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MIDDLEMARCH by George Eliot
First edition of MIDDLEMARCH (1871-72), Parts I & II (of 8) by George Eliot (1819-1880)    
Emily Dickinson
< Early Feminist Essays   |   Emily Dickinson's Nature Mysticism >
"Emily Dickinson's Letters" by Thomas Wentworth Higginson -- (pg.10)
text pub. Atlantic Monthly, October, 1891
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page 10
After my visit came this letter:

      -- Enough is so vast a sweetness, I suppose it never occurs, only pathetic counterfeits.
        Fabulous to me as the men of the Revelations who "shall not hunger any more." Even the possible has its insoluble particle.
        After you went, I took Macbeth and turned to "Birnam Wood." Came twice "To Dunsinane." I thought and went about my work....
        The vein cannot thank the artery, but her solemn indebtedness to him, even the stolidest admit, and so of me who try, whose effort leaves no sound.
        You ask great questions accidentally. To answer them would be events. I trust that you are safe.
        I ask you to forgive me for all the ignorance I had. I find no nomination sweet as your low opinion.
        Speak, if but to blame your obedient child.
        You told me of Mrs. Lowell's poems. Would you tell me where I could find them, or are they not for sight? An article of yours, too, perbaps the only one you wrote that I never knew. It was about a "Latch." Are you willing to tell me? [Perhaps "A Sketch."]
        If I ask too much, you could please refuse. Shortness to live has made me bold.
        Abroad is close to-night and I have but to lift my hands to touch the "Heights of Abraham."
    DICKINSON.                

When I said, at parting, that I would come again some time, she replied, "Say, in a long time; that will be nearer. Some time is no time." We met only once again, and I have no express record of the visit. We corresponded for years, at long intervals, her side of the intercourse being, I fear, better sustained; and she sometimes wrote also to my wife, inclosing flowers or fragrant leaves with a verse or two. Once she sent her one of George Eliot's books, I think Middlemarch, and wrote, "I am bringing you a little granite book for you to lean upon." At other times she would send single poems, such as these --

            THE BLUE JAY.

     No brigadier throughout the year
     So civic as the jay.
     A neighbor and a warrior too,
     With shrill felicity
     Pursuing winds that censure us
     A February Day,
     The brother of the universe
     Was never blown away.
     The snow and he are intimate;
     I ‘ye often seen them play
     When heaven looked upon us all
     With such severity
     I felt apology were due
     To an insulted sky
     Whose pompous frown was nutriment
     To their temerity.
     The pillow of this daring head
     Is pungent evergreens;
     His larder -- terse and militant --
     Unknown, refreshing things;
     His character — a tonic;
     His future — a dispute;
     Unfair an immortality
     That leaves this neighbor out.

            THE WHITE HEAT.

     Dare you see a soul at the white heat?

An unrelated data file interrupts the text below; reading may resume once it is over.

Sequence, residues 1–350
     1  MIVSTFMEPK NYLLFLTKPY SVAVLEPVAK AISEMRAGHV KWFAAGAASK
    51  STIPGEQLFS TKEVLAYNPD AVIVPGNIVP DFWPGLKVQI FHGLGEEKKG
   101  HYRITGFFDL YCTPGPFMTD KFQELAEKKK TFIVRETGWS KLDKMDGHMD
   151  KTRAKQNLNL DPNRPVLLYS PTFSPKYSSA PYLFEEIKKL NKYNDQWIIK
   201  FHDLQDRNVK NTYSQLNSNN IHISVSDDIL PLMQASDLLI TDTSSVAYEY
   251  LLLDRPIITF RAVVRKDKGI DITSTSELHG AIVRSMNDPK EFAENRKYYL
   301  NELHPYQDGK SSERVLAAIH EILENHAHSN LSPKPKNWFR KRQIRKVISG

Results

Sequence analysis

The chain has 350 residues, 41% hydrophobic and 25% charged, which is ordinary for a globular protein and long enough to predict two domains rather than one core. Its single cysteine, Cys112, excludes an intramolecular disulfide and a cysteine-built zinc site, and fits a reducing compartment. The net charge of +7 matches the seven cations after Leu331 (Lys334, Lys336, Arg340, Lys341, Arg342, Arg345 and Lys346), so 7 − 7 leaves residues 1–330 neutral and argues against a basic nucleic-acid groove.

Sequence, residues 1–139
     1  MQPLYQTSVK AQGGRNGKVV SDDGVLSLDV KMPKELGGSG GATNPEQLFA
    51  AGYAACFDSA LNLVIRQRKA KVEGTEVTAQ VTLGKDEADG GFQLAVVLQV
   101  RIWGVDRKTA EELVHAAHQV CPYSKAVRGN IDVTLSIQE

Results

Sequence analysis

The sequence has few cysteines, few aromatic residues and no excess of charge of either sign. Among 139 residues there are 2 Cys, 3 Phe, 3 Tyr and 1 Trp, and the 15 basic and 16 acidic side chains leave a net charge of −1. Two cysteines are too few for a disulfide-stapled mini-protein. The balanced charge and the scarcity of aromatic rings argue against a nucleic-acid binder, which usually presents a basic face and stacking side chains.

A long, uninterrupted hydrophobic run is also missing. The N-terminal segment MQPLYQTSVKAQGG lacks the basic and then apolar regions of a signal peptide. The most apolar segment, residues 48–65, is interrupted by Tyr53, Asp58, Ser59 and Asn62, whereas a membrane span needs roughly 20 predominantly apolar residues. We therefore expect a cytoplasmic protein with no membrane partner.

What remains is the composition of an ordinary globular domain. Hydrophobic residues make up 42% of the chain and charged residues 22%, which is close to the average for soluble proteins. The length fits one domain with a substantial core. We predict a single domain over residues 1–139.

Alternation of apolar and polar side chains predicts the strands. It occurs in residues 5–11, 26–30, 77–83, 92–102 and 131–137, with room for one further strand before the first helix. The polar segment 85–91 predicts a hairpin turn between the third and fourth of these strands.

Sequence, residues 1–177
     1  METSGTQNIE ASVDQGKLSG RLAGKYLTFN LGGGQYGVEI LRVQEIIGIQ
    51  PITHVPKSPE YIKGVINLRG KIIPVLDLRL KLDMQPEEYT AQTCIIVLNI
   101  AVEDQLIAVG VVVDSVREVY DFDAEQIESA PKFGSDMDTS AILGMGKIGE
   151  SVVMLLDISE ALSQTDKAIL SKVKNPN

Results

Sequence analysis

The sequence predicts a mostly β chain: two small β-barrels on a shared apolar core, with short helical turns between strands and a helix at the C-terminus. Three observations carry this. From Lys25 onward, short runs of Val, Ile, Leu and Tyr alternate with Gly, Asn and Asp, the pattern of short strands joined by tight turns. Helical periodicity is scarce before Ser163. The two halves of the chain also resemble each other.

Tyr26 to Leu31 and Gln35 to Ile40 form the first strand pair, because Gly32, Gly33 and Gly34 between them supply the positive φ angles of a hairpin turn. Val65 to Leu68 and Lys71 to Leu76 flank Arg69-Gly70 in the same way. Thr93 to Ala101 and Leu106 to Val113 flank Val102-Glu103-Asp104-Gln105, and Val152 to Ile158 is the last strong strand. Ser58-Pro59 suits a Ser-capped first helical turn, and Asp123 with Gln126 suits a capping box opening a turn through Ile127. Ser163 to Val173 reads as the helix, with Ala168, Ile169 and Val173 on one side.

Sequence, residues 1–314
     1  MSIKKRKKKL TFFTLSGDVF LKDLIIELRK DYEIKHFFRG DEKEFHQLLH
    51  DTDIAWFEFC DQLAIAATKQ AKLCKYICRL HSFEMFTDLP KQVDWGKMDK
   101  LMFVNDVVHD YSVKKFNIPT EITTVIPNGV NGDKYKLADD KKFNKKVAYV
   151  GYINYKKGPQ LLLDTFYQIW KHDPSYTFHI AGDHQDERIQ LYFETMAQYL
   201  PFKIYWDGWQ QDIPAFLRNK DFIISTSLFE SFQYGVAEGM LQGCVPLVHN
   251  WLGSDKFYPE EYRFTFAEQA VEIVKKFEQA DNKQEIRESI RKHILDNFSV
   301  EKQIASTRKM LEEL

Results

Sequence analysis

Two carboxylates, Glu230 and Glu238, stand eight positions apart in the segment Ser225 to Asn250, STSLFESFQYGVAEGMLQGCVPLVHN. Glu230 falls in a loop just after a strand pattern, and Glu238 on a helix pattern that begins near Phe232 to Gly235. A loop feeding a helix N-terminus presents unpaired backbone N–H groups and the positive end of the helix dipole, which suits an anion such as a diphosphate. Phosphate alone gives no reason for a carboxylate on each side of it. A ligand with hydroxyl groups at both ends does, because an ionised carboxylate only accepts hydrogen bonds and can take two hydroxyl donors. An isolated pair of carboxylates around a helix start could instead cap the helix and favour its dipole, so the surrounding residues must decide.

Then crouch within the door;
     Red is the fire’s common tint,
     But when the vivid ore

     Has sated flame’s conditions,
     Its quivering substance plays
     Without a color, but the light
     Of unanointed blaze.

     Least village boasts its blacksmith,
     Whose anvil’s even din
     Stands symbol for the finer forge
     That soundless tugs within,

     Refining these impatient ores
     With hammer and with blaze,
     Until the designated light
     Repudiate the forge.

Then came the death of her father, that strong Puritan father who had communicated to her so much of the vigor of his own nature, and who bought her many books, but begged her not to read them. Mr. Edward Dickinson, after service in the national House of Representatives and other public positions, had become a member of the lower house of the Massachusetts legislature. The session was unusually prolonged, and he was making a speech upon some railway question at noon, one very hot day (July 16, 1874), when he became suddenly faint and sat down. The house adjourned, and a friend walked with him to his lodgings at the Tremont House; where he began to pack his bag for home, after sending for a physician, but died within three hours. Soon afterwards, I received the following letter: --

    The last afternoon that my father lived, though with no premonition, I preferred to be with him, and invented an absence for mother, Vinnie [her sister] being asleep. He seemed peculiarly pleased, as I oftenest stayed with myself; and remarked, as the afternoon withdrew, he "would like it to not end."
        His pleasure almost embarrassed me, and my brother coming, I suggested they walk. Next morning I woke him for the train, and saw him no more.
        His heart was pure and terrible, and I think no other like it exists.
        I am glad there is immortality, but would have tested it myself, before entrusting him. Mr. Bowles was with us. With that exception, I saw none. I have wished for you, since my father died, and had you an hour unengrossed, it would be almost priceless. Thank you for each kindness.

Later she wrote:

          When I think of my father's lonely life and lonelier death, there is this redress: --

        Take all away;
        The only thing worth larceny
        Is left -- the immortality.

        My earliest friend wrote me the week before he died, "If I live, I will go to Amherst; if I die, I certainly will."
        Is your house deeper off?

    Your SCHOLAR.            

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